Burnt Ranch was, as it turned out, an inspired destination. Lush verdant fields spread to the horizon filled to bursting with all manner of agricultural foodstuffs. The colors were almost cartoon-like in vibrancy. As James walked down the middle of the two-lane highway his shoulders were brushed by overhanging sunflowers with heads as large as trash can lids. He heard grunting and laughter in the distance, turning the corner he saw a well kept homestead in a small clearing. It was a neat little geodesic dome with each panel painted a primary color. There was a grouping of solar panels near an outbuilding and a scattering of farm equipment. The grunting was coming from a pretty young woman in overalls trying to hitch a wagon to a small tractor. Her long sun-streaked hair hung down, falling over one shoulder as she tried to muscle the cup onto the ball of the tractor’s hitch. The laughter came from two small children, a girl and boy who were pushing on the wheels trying to help. James stood and watched, a smile returned to his face.




“Hey Sonny Jim, you going to gawk or help?” she said, noticing James standing there.

“Ah, sure,” James said, quickly dropping his pack and hurrying over.

He grabbed the tongue and lifted up hard. The woman and the two children pushed on the wheels and the ball slipped into the cup with a metallic thunk.

“There,” said James.

“Faith,” said the woman.

“When warranted,” said James

“No, no my name is Faith. That is Hope.” The little girl smiled. “And that is Redemption.” The boy stuck out his tongue.

James looked a little blank.

“I know, I know. It seemed like a good idea at the time. The boy also answers to Demp.”

“Hiya, Demp,” James winked. From the boy the tongue again.

“What’s your name?” asked Hope.

“My name is James.”

“Well, hello James, where you headed?” asked Faith.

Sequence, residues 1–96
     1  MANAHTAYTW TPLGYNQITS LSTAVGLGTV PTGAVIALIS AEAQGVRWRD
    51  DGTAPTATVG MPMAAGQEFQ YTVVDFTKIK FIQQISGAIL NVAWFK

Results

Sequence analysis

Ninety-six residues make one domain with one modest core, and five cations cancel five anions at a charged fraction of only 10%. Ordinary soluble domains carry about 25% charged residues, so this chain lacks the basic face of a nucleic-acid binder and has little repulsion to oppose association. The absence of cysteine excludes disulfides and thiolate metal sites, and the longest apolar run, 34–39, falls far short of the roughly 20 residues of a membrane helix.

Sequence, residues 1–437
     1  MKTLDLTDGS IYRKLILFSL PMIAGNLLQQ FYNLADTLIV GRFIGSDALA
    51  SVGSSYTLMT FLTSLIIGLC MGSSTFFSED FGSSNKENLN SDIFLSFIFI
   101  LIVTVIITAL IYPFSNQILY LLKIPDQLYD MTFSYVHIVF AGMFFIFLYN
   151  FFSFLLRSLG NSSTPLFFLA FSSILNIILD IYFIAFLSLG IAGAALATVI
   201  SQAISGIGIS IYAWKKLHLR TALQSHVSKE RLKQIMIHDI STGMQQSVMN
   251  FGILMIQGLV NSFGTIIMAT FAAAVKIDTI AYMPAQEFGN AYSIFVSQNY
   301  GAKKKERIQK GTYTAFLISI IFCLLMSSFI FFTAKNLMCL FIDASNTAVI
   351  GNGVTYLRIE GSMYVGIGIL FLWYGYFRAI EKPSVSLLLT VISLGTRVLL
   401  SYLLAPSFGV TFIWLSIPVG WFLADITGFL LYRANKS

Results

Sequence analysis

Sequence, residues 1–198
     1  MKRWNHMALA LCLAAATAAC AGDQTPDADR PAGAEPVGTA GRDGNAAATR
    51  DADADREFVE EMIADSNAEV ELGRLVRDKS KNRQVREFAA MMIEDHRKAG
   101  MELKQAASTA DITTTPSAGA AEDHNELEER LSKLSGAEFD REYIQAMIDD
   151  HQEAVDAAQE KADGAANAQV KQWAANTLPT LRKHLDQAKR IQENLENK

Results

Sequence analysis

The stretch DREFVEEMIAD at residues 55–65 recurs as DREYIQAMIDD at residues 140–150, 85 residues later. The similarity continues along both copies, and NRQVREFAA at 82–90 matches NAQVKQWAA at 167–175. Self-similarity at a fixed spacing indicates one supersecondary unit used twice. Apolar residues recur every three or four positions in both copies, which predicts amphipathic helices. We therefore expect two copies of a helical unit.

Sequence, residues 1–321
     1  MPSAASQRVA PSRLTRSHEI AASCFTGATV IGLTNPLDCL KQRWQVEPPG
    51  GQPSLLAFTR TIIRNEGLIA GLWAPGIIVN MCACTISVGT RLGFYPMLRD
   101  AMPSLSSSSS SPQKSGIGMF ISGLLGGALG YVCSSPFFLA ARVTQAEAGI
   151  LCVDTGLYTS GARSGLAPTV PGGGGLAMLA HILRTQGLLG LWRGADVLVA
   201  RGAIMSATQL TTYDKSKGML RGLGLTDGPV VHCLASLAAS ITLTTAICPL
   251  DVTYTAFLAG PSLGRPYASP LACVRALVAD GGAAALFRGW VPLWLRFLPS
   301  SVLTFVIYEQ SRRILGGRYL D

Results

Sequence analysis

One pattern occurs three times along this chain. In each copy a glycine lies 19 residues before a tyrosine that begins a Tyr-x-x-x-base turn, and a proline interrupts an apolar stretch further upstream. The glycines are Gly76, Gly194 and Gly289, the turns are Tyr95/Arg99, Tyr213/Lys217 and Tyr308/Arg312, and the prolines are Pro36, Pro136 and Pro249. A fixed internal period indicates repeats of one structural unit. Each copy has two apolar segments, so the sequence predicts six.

“North to Vancouver.”

“Vancouver Canada?”



“So far.”

“Brave man—or stupid. Want to earn yourself a meal?”


“Good. We’re harvesting and could use the help.”

They all got into the wagon with Faith at the wheel and rode out into one of the fields. To the delight of the children, James pulled Mr. Littlefellow out and put him on his shoulder. They came to a patch filled with some of the strangest looking vegetables James had ever seen. They hopped out of the wagon. The cat jumped down and went exploring with the children in tow.

“What are these?” James asked pointing at the red spheres on long vines littered the landscape as far as the eye could see.



“Hybrids; an experimental boutique strand by Burpee, of tomatoes and pumpkins.”

“Are they good to eat?”

“Naw.” She shook her head. “A mixture of tomatoes and pumpkins. Taste like shit but goats love um and grow like weeds on um. And we got almost as many goats as Tonkins.”

“Here.” Faith handed James a pair of clippers. “Cut them about six inches from the tops.”

“Okee dokee.” James bent over, snipped through the tough vine, and picked up the heavy fruit. It had a strange texture, the skin felt leathery and thick with a squishy base underneath. The wagon filled quickly. They made several trips to the barn loading and unloading the Tonkins. They were dense and heavy; it was hard work.  Removing his jacket James rolled up his sleeves. Sweat matted his hair to his forehead. Looking over at Faith he noticed that she seemed as fresh as when they started. He had to admit the real work felt good. The last couple of years all his work centered around anxiety. Good honest labor was just the tonic his body needed.

Littlefellow scooted by with the squealing children not far behind. Faith stood and stretched. “Come on, I’ll give you that meal I promised.”




Inside the dome was surprisingly cool. The interior was a riot of colors and jumbles of toys and books. Faith shooed the children toward the bathroom and showed James to the kitchen to wash up. A moaning sound came drifting out of a room just off the kitchen. James startled, peered in and saw a young man with long dirty blond hair tangled in bed sheets; he was tied down with padded restraints and appeared to be having a seizure.

“That’s Gerald.” A voice came from over James’ shoulder. “My husband.”

Faith went to the bedside and wiped his brow with a wet cloth. The man stopped struggling and slumped back into the pillow. Faith smoothed out the bedclothes, kissed him and moved quietly out of the room, shutting the door behind her.

Back in the kitchen she took two glasses from the drying rack and set them on the chopping block.

“Wine?” Faith offered.

James nodded.

“He built this place you know. Dug the vertical shafts for the geothermal heat pump himself. Place stays at a constant 68 degrees year round.”

“Is he sick?”

Faith shook her head a look of disgust passed over her face. “He’s a geothermic engineer. Or was anyway. He worked on the project up on Vancouver Island. Got hooked on thrust. The rest is history. We lost our insurance six months after he came back. Now he pretty much just seizes the day away. We had him on the wire till we lost coverage. That at least gave him periods of rest.”